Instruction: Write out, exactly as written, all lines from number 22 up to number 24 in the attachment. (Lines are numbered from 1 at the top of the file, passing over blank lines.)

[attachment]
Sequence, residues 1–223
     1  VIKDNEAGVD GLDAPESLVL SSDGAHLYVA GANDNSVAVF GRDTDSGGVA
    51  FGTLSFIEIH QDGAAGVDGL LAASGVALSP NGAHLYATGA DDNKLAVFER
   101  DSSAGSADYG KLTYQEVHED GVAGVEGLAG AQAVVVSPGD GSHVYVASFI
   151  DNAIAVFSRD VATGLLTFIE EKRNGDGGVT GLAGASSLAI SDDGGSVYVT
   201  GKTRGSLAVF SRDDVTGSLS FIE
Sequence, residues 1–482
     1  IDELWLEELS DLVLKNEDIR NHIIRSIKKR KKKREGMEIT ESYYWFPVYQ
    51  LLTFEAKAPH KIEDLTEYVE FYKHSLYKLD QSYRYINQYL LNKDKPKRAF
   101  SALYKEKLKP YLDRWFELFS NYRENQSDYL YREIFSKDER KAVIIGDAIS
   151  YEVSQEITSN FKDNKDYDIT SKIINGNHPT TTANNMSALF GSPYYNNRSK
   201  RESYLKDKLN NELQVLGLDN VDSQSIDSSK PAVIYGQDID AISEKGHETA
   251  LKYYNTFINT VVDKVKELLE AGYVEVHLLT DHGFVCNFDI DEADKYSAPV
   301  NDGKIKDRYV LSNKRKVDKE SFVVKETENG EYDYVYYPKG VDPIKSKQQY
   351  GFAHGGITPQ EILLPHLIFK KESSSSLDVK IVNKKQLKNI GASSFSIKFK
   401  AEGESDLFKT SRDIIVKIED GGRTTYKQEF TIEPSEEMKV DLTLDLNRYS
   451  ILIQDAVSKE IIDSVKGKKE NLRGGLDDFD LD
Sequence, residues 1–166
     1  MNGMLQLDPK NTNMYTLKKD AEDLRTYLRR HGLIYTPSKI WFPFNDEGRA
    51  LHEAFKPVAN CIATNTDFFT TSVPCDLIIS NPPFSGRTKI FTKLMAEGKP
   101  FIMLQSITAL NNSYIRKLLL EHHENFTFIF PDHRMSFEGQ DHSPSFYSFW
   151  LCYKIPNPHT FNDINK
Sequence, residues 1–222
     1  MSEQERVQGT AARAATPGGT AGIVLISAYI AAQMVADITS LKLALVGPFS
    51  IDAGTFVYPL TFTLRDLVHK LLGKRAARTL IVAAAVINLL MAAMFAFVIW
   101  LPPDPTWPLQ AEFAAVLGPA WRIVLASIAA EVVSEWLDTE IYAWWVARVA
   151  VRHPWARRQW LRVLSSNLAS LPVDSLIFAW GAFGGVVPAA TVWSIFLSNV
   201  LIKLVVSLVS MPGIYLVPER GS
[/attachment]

   151  LCYKIPNPHT FNDINK
Sequence, residues 1–222
     1  MSEQERVQGT AARAATPGGT AGIVLISAYI AAQMVADITS LKLALVGPFS